The sons of Andhra Pradesh and Telangana Chief Ministers were on Saturday locked in a war of words over their predictions about the coming Assembly elections in Andhra Pradesh.
Telangana Rashtra Samithi (TRS) working President K T Rama Rao, son of Telangana Chief Minister K Chandrasekhar Rao, predicted that Andhra Pradesh Chief Minister and Telugu Desam Party (TDP) President N. Chandrababu Naidu's defeat was certain in the ensuing elections.
KTR, as Chandrasekhar Rao's son is popularly known, told reporters that Naidu's defeat in Andhra Pradesh Assembly elections was a foregone conclusion.
He said Naidu, who was looking to call the shots in Delhi, would not be in a position to call the shots in his own state. He predicted that the YSRCP would sweep the polls in Andhra Pradesh.
Hours later, Lokesh, who is a Minister in Naidu's cabinet, took to Twitter to hit back at KTR. He said KTR's remarks show that "Delhi Modi, Telangana Modi KCR and Andhra Modi Jagan" were scared of Chandrababu Naidu even in their dreams.
Nara Lokesh hit back alleging that KCR colluded with Prime Minister Narendra Modi and YSRCP President Y S Jaganmohan Reddy in a conspiracy against the TDP chief.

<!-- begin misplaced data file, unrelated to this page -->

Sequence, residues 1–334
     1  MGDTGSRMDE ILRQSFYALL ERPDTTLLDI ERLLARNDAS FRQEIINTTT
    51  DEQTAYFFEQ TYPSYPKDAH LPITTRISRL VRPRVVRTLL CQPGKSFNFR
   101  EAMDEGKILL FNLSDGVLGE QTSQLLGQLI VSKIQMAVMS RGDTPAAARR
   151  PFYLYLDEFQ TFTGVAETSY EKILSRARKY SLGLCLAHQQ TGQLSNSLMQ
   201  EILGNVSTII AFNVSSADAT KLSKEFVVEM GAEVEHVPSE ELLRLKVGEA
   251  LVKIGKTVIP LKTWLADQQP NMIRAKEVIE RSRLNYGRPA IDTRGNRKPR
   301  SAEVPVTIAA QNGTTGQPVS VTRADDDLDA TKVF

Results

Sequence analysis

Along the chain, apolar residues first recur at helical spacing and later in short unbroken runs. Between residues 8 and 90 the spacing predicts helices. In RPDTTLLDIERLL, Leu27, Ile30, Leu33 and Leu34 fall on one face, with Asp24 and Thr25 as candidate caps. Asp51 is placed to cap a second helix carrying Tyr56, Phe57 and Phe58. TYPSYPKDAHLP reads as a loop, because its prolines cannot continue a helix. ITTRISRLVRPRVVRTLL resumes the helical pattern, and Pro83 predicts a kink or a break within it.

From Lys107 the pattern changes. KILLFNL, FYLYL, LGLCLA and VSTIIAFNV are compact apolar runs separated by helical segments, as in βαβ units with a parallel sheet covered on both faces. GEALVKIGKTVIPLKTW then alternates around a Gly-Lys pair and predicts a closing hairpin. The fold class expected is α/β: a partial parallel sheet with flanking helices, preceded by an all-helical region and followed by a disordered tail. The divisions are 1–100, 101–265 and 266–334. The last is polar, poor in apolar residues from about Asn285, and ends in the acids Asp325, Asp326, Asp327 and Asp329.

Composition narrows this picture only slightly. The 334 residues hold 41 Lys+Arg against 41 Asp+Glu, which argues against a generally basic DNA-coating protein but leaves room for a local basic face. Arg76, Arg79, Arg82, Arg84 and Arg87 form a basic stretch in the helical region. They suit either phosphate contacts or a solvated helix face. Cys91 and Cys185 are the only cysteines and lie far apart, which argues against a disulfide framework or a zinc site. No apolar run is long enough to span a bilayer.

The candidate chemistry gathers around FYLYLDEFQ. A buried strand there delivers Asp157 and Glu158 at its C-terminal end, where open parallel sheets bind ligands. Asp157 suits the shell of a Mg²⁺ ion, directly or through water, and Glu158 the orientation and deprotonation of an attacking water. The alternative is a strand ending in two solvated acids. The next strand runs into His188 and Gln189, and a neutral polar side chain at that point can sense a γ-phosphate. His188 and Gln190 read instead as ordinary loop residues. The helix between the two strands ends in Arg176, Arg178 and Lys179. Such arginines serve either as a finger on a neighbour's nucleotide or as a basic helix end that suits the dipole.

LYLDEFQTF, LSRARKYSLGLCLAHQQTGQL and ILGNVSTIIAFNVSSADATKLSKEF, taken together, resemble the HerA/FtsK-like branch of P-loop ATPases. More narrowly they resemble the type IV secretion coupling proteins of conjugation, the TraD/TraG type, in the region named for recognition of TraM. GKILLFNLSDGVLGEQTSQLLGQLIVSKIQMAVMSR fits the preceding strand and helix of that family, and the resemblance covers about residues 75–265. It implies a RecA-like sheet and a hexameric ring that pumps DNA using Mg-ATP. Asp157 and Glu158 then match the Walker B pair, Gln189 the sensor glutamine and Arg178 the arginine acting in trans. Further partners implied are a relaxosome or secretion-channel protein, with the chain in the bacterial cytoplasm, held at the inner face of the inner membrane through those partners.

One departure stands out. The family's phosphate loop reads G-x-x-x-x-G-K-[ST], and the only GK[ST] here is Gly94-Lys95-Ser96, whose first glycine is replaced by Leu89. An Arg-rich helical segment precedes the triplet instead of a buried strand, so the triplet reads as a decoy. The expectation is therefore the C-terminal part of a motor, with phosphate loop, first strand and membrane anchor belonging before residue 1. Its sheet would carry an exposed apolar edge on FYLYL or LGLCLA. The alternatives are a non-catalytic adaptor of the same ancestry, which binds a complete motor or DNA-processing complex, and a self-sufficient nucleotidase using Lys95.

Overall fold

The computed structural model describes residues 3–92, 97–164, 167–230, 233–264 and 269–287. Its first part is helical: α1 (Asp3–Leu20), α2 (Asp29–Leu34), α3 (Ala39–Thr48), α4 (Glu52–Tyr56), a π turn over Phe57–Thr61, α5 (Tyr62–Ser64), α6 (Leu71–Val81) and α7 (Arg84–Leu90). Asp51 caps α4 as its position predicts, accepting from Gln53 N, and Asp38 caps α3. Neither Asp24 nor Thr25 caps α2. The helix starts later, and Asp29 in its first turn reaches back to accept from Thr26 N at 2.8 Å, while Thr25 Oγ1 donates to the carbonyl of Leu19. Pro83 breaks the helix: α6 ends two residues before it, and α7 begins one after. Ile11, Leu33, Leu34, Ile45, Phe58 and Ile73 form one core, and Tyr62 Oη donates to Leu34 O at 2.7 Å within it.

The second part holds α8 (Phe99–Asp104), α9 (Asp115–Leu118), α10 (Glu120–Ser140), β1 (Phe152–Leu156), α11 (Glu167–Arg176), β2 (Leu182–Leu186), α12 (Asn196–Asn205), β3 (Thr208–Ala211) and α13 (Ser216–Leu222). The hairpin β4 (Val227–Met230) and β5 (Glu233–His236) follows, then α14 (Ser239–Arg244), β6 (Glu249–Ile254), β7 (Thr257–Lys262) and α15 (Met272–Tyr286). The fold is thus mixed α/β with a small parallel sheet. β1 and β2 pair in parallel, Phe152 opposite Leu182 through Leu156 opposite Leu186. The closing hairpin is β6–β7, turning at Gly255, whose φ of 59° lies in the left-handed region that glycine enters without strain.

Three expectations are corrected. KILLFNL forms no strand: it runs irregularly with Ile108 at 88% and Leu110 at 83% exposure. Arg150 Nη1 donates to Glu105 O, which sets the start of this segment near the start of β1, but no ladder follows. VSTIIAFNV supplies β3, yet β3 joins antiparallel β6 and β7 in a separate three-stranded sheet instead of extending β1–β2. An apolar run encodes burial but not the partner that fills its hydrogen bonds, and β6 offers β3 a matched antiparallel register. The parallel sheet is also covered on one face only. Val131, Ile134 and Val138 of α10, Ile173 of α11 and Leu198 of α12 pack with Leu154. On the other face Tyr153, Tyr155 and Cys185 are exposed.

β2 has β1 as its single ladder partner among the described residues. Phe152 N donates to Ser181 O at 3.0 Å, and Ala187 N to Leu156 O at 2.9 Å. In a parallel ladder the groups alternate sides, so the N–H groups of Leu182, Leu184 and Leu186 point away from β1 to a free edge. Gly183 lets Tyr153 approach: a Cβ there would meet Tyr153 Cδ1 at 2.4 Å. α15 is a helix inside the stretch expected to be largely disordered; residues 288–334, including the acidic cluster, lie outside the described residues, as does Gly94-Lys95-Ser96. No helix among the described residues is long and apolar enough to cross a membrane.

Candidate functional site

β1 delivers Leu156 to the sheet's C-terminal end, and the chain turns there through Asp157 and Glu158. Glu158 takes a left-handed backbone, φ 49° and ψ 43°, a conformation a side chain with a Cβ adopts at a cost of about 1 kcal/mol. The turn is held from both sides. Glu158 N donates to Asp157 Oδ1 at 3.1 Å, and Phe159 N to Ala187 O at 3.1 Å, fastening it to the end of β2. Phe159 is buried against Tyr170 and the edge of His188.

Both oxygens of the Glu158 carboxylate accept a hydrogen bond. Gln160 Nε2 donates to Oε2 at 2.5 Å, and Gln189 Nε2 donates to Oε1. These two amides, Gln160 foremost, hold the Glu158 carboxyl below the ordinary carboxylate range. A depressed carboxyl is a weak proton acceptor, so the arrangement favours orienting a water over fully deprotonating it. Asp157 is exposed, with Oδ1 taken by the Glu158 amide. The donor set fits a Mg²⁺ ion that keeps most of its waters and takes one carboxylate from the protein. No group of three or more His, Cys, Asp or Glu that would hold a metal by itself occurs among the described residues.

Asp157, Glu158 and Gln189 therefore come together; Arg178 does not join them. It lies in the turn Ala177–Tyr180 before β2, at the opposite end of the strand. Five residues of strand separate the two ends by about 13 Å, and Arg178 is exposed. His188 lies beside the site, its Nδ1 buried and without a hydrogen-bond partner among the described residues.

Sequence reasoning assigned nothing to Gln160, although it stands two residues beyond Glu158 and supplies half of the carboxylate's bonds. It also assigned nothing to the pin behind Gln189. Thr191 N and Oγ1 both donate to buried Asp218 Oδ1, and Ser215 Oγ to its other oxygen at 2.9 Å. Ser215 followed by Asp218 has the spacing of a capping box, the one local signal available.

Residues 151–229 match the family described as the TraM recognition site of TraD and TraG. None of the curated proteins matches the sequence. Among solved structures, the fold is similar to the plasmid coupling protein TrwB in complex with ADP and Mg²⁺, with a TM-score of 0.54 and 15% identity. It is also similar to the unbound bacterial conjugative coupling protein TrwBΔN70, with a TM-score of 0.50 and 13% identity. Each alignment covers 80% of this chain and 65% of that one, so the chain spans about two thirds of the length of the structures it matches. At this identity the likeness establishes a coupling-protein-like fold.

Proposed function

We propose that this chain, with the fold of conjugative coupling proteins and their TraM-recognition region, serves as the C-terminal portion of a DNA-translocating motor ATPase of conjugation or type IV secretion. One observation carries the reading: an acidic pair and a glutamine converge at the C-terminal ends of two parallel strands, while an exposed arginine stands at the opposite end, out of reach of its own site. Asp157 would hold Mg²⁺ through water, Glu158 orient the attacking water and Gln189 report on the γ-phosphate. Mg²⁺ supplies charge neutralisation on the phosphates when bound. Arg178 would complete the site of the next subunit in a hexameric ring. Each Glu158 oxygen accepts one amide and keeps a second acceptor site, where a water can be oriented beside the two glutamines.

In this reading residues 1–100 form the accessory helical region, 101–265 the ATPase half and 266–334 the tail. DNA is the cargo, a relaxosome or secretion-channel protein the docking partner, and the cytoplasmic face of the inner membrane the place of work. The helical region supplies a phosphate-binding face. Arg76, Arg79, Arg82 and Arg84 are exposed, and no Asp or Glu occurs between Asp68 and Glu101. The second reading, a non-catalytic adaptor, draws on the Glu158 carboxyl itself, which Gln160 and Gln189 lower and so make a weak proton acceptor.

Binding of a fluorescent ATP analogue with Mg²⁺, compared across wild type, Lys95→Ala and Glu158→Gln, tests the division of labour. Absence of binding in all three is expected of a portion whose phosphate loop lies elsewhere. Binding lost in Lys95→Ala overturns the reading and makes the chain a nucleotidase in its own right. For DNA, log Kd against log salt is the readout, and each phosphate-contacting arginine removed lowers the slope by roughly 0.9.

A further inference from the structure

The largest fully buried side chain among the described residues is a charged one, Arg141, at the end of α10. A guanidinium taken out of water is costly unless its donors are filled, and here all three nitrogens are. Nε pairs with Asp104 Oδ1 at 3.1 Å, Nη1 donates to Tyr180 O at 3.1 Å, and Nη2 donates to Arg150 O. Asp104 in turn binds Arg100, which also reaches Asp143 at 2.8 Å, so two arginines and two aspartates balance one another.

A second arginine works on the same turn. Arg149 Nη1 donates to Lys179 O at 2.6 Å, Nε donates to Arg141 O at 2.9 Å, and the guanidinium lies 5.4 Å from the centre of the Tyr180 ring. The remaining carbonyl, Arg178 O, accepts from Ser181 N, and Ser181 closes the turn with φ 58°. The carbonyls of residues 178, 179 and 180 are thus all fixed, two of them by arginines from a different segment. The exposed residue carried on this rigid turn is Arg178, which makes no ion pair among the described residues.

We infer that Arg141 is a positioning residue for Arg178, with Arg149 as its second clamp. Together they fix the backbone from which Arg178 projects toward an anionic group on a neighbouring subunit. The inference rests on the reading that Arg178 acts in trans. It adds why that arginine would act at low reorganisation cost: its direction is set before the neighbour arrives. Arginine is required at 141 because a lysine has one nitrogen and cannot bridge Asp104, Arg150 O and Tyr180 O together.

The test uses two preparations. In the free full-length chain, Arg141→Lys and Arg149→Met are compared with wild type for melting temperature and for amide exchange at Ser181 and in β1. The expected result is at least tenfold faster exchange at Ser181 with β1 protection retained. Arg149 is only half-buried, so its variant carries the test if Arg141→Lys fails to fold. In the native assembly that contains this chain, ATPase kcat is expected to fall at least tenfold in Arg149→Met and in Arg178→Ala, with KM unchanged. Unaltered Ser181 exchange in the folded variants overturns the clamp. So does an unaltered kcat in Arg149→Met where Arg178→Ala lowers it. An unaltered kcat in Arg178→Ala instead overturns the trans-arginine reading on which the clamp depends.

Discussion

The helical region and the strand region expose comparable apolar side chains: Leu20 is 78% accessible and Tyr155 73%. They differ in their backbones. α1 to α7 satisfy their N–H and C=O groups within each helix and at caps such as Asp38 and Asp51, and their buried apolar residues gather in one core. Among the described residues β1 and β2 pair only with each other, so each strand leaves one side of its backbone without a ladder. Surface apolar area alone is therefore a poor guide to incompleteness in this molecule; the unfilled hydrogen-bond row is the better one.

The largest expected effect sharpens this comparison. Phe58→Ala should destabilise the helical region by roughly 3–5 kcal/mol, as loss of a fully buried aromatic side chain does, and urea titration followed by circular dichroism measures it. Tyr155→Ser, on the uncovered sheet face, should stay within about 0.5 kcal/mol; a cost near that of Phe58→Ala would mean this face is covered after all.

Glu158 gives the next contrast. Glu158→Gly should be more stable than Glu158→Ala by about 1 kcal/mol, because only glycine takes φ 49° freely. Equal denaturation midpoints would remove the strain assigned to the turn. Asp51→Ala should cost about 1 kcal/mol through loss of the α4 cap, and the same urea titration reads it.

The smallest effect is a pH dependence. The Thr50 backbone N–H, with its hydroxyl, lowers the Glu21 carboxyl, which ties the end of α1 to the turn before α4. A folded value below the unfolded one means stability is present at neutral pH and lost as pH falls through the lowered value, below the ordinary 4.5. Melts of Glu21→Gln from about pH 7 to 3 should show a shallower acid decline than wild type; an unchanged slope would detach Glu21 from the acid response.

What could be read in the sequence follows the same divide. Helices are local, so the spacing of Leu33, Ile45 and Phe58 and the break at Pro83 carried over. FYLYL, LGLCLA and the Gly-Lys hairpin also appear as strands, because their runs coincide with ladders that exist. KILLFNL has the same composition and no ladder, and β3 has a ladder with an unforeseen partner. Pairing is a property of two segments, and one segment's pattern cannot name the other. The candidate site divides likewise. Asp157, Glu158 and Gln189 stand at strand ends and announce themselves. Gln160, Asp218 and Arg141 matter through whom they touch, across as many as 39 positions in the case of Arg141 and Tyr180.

Lokesh remarked that KCR, who planned to form a Federal Front, joined hands with "420 parties" and remained confined to Telangana. He was referring to YSRCP, which has been invited by the TRS to join the proposed Federal Front.
KTR had met with Jagan in January this year. With YRSCP and TRS predicted to win a large chunk of the 25 seats in Andhra Pradesh and 17 seats in Telangana respectively, Jagan joining hands with KCR for the Federal Front could make it formidable, or least give the front significant bargaining power.
"Unable to counter one leader, three leaders have joined hands and are hatching many conspiracies. After failing to compete with Andhra in development and welfare, TRS has joined hands with Jagan and hatched a big conspiracy to wreak havoc in the state," Lokesh tweeted.
He said KCR and his aides working for the TDP's defeat were sure to be disappointed with the poll results.